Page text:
Hospitals will need to recruit 1,000 consultants over next decade to meet demand, report predicts
Almost one-in-four consultants in Model 3 hospitals was in a locum post at the start of last year and one-in-three was aged over 55, a newly published report has revealed.
Of the 17 hospitals reviewed, Tipperary University Hospital in Clonmel had the highest proportion of non-permanent consultants, at 35 per cent. Mercy University Hospital in Cork had the lowest, at 12 per cent.
The Model 3 Hospital Report analysed the challenges in the recruitment and retention of consultants and was published by the HSE’s National Doctors Training and Planning (NDTP) group.
Figures were taken from January 2022 records and show the staffing issues facing general hospitals in Ireland. Across the Model 3 network, 24 per cent of consultants were in locum posts, compared to 12 per cent of consultants in Model 4 hospitals where tertiary care is provided.
“It is clear to me that, unless we actively encourage recruitment, the Model 3 network will be challenged in service delivery in the near future,” said NDTP Medical Director Prof Brian Kinirons.
“A service delivery crisis is inevitable unless Model 3 hospital posts are made more attractive. The Model 3 consultant workforce is senior, with one third of the workforce over 55 years of age. This has obvious implications for future recruitment.”
The report found that 807 consultants were employed in Model 3 hospitals, with seven per cent not approved by the Consultant Applications Advisory Committee (CAAC), which provides independent advice to the HSE on applications and qualifications for consultant posts.
The same proportion of consultants were not on the specialist register of the Medical Council of Ireland, despite the HSE making it an essential requirement for such appointments in 2008.
In general hospitals in Cavan and Kerry, the proportion of consultants aged over 55 was 49 per cent, but in Connolly Hospital in Dublin this figure was just 18 per cent. Across all 17 hospitals, five per cent of consultants were aged 66 or over, while 32 per cent were female.
Further emphasising the challenges in recruitment, the report projected that 1,005 consultants will need to be recruited by Model 3 hospitals between now and 2032 to meet growing healthcare demand.
“This will result in a projected 1,512 consultants employed, equating to a net increase of 87 per cent on the current Model 3 consultant workforce of 809,” the report said. “To put this in context, data shows that the average increase in consultants employed by Model 3 hospitals over the past four years was 37 per annum.”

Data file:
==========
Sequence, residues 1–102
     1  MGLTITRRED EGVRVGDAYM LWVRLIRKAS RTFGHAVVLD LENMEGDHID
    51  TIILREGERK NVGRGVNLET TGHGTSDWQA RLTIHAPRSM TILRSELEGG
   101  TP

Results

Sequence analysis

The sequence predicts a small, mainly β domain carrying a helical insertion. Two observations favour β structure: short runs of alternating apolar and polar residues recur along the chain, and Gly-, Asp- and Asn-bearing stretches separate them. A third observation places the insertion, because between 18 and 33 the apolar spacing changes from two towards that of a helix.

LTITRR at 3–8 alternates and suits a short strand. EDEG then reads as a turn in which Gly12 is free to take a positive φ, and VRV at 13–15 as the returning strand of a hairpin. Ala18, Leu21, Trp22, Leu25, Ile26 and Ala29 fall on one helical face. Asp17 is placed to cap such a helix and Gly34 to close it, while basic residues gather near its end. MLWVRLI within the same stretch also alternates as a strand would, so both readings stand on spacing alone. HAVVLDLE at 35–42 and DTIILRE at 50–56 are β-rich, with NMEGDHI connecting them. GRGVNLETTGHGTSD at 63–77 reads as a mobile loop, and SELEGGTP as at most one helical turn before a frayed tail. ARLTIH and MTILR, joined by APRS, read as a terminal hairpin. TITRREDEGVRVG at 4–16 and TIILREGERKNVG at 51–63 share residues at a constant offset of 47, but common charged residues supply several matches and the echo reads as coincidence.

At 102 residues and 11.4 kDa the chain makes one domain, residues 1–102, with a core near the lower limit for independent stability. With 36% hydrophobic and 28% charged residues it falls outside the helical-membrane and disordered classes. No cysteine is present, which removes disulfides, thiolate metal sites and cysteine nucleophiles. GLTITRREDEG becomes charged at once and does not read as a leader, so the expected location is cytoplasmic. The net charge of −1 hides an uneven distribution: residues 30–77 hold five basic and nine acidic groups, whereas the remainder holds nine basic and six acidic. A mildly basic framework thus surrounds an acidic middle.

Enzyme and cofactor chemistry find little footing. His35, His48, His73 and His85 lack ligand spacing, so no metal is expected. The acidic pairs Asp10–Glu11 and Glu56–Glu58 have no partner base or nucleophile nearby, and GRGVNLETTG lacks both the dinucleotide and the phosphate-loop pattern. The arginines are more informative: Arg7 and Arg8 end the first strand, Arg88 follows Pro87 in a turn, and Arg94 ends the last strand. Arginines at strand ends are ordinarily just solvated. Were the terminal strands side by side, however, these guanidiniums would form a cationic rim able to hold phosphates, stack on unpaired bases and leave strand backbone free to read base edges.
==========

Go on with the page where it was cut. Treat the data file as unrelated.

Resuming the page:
The specialities which hospitals found most difficult to recruit for were radiology, obstetrics and gynaecology, and emergency medicine.
Figures from DIME (Doctors Integrated Management E-System) found that, in March 2023, 36 per cent of emergency medicine consultant posts were vacant, while 13 per cent of posts in obstetrics and gynaecology, and 11 per cent of positions in radiology, were unfilled.
Model 3 hospitals also appear to rely more on NCHDs than Model 4 sites. December 2022 figures show that 60 per cent of junior doctors at Model 3 hospitals are not on recognised specialist training schemes, compared to just 36 per cent at Model 4 hospitals.
Several hospitals raised concerns around the retention of NCHDs, with many emigrating to the UK where they can access higher specialist training.
The report was launched at the NDTP National Medical Workforce Conference on November 9. Leaders from across the health service presented on the future work of our health service in relation to HSE health regions.
Launching the report, Health Minister Stephen Donnelly said: “By planning, co-ordinating and reforming how we work to deliver our health and social care services along regional lines, informed by a population health approach, the HSE health regions will better enable our workforce to provide the high-quality integrated care our patients need.”